Inediti, Read in english

From the unpublished manuscript “Sister 5” by Louise DeSalvo

An introduction by Edvige Giunta

“Every memoirist is a ghost writer”:

Louise DeSalvo Four Years after her Death–and the Posthumous Publication of “Sister 5”

It seems appropriate that the first writing by Louise DeSalvo to be published since her death almost four years ago appears both in the original, unedited English text and in a new Italian translation. As an American writer, DeSalvo wrote in English, yet in her many works of creative nonfiction and memoir, she grappled with and embraced a cultural identity that straddles the United States, where she was born, and Italy, where her grandparents were born and where she traveled often to remake a relationship disrupted by immigration.

DeSalvo spent most of her writing career exploring the nature of memory work, in her textual scholarship and biography of Virginia Woolf but also and especially in the large body of memoir she published between 1996 and 2018. This work testifies to the vitality of the memoir as a genre that rewards authors committed to deepening its exploration by writing multiple memoirs. There is not one singular way to remember the past. As DeSalvo knew, shift your vantage point and a new story is born. From the coming-of-age narrative of Vertigo, to the intergenerational narrative of Crazy in the Kitchen: Family, Feuds, and Forgiveness in an Italian American Family, to the historical narrative of Chasing Ghosts: A Memoir of a Father, Gone to War, to her last magnificent book, The House of Early Sorrows: A Memoir in Essays, in which she circles back to the ur-texts of her own memoirs, DeSalvo’s engagement with the genre is brilliant, relentless, and instructive, illuminating a path for memoir writers determined to push the bounds of the genre.

On September 28, 2022, we gathered to celebrate Louise’s birthday at an event hosted by Strade Dorate. This month, a large collection of DeSalvo’s papers has been donated by the Louise A. DeSalvo Literary Estate, LLC. to the Rutgers University Libraries, where scholars will be able to consult the Louise DeSalvo papers, including her diaries of the last forty years, starting in 2028, ten years after her death. The papers will be housed in the Special Collections and University Archives of Rutgers University Libraries.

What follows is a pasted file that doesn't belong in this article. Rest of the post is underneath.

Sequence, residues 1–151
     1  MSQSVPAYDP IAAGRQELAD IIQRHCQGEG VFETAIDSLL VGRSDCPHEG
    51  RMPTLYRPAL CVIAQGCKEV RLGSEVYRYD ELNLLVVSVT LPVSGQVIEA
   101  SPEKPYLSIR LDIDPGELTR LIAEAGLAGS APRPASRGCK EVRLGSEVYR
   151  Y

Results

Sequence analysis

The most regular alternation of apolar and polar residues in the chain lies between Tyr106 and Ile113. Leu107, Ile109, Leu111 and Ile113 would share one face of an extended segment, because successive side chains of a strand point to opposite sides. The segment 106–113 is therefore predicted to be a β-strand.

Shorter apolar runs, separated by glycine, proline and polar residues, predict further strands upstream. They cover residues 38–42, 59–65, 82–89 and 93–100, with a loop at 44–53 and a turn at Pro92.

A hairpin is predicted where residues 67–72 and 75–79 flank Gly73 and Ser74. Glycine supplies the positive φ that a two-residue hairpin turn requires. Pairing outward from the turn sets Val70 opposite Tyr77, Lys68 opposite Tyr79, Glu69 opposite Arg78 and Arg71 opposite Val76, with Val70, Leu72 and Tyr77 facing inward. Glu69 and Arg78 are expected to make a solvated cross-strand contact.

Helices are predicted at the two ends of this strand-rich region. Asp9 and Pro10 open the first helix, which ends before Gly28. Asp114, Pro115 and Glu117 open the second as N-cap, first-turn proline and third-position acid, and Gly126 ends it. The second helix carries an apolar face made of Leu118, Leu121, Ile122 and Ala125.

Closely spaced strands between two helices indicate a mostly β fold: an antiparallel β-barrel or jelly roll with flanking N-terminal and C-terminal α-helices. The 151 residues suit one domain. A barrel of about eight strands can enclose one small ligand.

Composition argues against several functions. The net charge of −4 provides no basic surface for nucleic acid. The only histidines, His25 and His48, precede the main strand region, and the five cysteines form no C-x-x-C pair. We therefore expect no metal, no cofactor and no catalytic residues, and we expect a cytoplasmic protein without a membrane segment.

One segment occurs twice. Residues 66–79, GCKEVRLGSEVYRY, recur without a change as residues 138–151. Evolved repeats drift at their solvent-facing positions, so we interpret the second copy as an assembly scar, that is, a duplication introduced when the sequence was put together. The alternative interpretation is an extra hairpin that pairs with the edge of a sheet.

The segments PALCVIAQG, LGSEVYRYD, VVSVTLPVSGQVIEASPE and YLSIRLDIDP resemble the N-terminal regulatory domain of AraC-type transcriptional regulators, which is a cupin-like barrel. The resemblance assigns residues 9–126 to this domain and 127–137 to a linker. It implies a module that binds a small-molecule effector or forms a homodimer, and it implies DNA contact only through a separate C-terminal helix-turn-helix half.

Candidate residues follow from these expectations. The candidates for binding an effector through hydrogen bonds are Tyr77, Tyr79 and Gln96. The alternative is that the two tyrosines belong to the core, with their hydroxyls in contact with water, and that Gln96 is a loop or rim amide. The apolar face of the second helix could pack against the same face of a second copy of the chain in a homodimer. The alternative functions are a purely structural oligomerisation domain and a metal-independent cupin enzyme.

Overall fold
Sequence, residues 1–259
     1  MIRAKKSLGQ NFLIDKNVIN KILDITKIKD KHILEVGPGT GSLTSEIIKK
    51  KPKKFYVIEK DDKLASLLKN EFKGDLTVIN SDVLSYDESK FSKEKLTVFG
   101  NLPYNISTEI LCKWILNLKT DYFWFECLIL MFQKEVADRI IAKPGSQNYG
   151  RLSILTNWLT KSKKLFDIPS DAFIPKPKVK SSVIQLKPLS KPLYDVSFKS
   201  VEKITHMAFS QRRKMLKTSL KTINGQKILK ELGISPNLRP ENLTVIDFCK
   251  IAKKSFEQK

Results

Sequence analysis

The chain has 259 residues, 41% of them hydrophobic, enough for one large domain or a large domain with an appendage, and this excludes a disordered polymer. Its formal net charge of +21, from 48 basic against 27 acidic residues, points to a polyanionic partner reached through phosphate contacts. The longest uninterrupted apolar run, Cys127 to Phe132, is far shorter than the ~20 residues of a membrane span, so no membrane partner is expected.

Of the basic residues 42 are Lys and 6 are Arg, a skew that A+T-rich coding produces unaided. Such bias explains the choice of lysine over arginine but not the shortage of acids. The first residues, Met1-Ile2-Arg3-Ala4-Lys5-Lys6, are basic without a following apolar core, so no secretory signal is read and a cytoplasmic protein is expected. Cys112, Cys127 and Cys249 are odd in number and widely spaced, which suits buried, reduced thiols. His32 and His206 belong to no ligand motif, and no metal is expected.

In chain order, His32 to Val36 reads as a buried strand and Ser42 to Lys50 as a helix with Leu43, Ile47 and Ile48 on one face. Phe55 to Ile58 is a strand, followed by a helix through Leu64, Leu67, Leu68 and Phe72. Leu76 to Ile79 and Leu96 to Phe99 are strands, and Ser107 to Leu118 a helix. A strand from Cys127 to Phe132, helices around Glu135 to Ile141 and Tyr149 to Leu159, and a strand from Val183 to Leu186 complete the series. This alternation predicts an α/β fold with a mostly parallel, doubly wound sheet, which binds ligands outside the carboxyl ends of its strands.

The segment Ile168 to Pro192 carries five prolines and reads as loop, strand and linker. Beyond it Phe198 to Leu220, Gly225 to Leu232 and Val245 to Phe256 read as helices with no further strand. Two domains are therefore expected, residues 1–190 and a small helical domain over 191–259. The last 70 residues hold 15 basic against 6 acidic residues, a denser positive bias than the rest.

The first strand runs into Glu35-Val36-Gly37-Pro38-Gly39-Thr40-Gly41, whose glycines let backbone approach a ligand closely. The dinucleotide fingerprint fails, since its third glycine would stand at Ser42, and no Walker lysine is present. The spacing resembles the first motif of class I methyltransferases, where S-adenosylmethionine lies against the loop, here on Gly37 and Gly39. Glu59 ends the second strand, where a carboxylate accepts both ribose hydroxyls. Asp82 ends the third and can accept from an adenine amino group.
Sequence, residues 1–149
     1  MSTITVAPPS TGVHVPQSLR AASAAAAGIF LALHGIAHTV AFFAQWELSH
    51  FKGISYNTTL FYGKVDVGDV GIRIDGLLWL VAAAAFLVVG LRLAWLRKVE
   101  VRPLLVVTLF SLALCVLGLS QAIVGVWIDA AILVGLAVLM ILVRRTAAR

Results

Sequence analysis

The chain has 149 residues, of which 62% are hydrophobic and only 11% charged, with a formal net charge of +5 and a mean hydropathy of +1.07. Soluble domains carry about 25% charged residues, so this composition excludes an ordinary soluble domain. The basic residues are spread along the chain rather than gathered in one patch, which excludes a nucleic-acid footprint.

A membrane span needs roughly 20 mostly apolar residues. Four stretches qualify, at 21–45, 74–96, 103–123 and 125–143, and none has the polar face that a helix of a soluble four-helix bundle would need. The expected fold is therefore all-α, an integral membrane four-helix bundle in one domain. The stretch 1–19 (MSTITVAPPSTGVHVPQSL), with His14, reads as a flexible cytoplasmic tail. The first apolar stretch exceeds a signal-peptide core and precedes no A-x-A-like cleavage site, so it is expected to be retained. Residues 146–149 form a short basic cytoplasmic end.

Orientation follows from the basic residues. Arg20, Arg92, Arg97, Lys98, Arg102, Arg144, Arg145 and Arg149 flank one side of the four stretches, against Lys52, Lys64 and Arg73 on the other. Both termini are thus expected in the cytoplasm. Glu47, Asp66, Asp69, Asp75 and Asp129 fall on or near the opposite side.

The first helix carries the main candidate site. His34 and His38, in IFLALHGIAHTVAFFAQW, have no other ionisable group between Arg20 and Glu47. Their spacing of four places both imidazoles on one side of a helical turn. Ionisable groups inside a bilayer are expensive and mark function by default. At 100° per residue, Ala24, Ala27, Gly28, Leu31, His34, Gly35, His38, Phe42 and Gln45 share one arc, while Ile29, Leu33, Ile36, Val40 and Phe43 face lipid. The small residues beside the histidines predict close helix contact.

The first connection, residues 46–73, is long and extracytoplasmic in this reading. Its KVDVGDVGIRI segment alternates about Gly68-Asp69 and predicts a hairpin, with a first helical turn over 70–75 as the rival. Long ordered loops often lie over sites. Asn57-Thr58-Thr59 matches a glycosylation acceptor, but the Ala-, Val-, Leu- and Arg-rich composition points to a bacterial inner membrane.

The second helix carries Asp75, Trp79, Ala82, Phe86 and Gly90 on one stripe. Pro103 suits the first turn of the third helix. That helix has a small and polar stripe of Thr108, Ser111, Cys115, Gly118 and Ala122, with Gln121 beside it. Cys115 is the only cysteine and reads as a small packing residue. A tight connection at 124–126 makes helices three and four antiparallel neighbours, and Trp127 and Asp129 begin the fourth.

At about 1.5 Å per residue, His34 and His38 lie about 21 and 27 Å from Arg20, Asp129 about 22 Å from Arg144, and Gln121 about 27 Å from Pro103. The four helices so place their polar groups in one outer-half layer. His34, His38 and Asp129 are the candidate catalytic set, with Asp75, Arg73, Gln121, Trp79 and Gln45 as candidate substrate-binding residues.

This month, too, we enjoy the privilege of reading for the first time an excerpt from DeSalvo’s unfinished manuscript “Requiem for My Sister,” published here with special permission from the Louise A. DeSalvo Literary Estate, LLC. The excerpt has been translated by Caterina Romeo, who brought Vertigo to Italian readers with her stunning 2006 translation. In “Requiem,” DeSalvo returns to the memoir of her sister, having begun it in Vertigo, especially in the unforgettable chapter “My Sister’s Suicide.” As she teaches us, the work of the memoirist does not end the first time a story is written: a first memoir only begins the work of excavation. And so here it is, a return to the unfinished excavation site with “La valigia,” a title aptly chosen by Romeo. We have decided not to edit or title the original English text. Instead, we have left the title that appears in the original file, “Sister 5.”

As I reviewed unpublished manuscripts, I was fortunate to be in constant conversation with Ernest DeSalvo and Jason DeSalvo (whose touching pieces about Louise also appear here) and with my friend and colleague Nancy Caronia, with whom I edited Personal Effects: Essays on Memoir, Teaching, and Culture in the Work of Louise DeSalvo. We chose this excerpt from “Requiem for My Sister” together, each of us experiencing differently the responsibility and significance of publishing Louise’s writing—her exquisite, unfinished writing—now that she is no longer here. I have also been treasuring my little visits with Louise—the writer, the writing partner, the friend. I trust all we have learned from her is guiding those of us committed to caring for her literary legacy.